- Vernacular names are never italicized (eg, West Nile virus).
- A term ending in -virus may be a formal or common/vernacular name, and should be revised as necessary—query the author if you are unsure. For example, West Nile virus (common name) may be left as is, or changed to Flavivirus (formal name).
- It is useful to give the formal, taxonomic identity of a virus at first mention in a paper, after which the informal name can typically be used.
We use the following capitalization style as per the most recent AMA guidelines (July 2020):
"Black" and "White" (adj) when describing race.
Description of countries based on socioeconomic status
Showing "and" or "or"
- Do not use ambiguous terms like “and/or” or “(mis)matched.”
- Be explicit to avoid confusion; we follow AMA guidelines which state that: "If there is any likelihood of ambiguity, the sentence should be reworded."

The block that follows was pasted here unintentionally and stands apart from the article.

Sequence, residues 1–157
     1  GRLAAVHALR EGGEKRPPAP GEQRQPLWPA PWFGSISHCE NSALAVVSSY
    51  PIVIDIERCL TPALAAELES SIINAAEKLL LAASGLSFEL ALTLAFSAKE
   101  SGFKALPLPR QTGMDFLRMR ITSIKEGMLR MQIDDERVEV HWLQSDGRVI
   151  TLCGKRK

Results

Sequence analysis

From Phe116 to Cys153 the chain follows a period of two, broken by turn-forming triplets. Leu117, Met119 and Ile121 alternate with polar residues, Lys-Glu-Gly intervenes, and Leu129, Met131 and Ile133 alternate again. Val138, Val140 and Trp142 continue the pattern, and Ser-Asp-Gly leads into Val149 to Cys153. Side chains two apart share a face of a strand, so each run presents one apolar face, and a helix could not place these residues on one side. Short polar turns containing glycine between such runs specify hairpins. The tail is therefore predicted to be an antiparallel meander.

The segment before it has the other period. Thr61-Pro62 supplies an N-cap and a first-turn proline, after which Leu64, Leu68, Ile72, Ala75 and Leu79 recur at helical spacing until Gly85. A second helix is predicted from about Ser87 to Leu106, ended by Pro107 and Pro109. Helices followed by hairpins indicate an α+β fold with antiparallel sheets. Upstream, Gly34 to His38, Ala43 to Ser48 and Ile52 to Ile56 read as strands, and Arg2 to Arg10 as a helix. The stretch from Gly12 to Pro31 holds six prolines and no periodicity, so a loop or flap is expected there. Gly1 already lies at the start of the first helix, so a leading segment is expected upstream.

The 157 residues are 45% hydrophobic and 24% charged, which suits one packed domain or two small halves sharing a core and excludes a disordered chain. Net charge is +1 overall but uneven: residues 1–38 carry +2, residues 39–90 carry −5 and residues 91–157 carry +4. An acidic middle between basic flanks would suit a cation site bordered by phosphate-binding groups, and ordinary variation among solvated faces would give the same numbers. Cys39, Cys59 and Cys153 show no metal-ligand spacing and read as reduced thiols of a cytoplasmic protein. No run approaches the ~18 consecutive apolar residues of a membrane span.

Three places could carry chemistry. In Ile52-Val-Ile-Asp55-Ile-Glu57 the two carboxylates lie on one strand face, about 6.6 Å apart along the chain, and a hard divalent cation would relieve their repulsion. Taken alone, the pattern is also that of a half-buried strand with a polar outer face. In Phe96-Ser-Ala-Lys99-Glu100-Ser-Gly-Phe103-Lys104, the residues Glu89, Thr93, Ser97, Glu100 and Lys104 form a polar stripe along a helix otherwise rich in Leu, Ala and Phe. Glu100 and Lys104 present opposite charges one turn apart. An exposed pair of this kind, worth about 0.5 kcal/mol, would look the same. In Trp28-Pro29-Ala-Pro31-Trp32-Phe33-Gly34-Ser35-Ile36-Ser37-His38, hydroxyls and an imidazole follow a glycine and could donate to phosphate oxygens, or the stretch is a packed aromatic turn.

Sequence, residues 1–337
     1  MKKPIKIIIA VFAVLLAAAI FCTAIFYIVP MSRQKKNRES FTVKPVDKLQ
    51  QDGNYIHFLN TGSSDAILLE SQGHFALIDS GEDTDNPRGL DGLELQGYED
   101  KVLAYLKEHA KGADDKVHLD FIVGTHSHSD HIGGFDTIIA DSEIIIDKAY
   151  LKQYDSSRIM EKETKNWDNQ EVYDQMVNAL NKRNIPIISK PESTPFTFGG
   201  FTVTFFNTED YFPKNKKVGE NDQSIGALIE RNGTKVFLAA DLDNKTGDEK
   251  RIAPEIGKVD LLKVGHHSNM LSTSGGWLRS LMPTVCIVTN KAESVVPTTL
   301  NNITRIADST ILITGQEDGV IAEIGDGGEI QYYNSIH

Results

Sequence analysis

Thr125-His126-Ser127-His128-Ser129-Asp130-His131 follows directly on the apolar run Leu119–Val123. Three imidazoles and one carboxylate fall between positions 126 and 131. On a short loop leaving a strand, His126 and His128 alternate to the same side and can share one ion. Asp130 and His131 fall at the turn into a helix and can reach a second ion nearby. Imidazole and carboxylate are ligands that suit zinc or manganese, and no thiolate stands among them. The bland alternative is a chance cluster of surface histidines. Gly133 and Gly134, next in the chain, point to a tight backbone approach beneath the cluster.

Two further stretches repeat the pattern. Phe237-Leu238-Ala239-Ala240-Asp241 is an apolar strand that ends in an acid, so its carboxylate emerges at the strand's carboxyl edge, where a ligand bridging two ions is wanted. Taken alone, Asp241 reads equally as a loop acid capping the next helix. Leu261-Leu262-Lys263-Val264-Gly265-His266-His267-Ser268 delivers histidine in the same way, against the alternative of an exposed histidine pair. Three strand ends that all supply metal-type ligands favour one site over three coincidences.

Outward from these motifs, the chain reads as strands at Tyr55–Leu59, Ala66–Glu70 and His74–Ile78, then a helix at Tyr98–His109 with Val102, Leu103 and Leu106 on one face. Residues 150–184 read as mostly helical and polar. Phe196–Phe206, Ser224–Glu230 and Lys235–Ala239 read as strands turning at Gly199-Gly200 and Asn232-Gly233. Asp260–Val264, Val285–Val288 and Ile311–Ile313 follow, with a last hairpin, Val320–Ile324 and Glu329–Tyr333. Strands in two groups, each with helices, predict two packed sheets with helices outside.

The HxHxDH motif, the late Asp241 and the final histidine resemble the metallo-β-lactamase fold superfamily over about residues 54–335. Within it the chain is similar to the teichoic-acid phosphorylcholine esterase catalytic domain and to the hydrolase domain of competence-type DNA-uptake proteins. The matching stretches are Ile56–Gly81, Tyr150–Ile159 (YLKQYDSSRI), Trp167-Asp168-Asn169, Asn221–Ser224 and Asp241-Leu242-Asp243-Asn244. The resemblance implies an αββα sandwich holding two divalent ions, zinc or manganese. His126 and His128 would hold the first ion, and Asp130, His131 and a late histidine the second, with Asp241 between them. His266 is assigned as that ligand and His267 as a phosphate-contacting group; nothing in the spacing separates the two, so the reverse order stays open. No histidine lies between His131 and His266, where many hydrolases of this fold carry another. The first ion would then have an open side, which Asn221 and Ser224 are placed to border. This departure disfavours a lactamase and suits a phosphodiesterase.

- This does not mean the slash should be removed in every circumstance. For example, if the slash is part of an intervention name (eg, the Alpha/Beta Intervention), copyeditors should leave as is.
- Note: In cases where not using "and/or" will result in a sentence being unnecessarily wordy, the copyeditor may use their discretion to retain the phrase "and/or" (eg, ...prevalence of MSSA and/or MRSA colonization in the population…)
Correct: matched and mismatched
Correct: matched or mismatched
SMS vs text messaging
Although both are correct, note preferences for specific usages:
- In titles and headings, "text messaging" or "texting" is better.
- In the Abstract, both should be used, for example, "SMS text messaging interventions."
- In the body of the manuscript, the preference is to use "texting" or "SMS text messaging".
- Use American spelling.
African American (n & adj)
app/apps — do NOT expand to "application" or "applications" if authors refer to a mobile app; copyeditors are asked to replace "application" with "app" (but only if authors are referring to a mobile app)
among — not amongst
Android — in reference to the product
behavior change technique(s) — not behavioral
Black — referring to a person (adj)
carry over (v)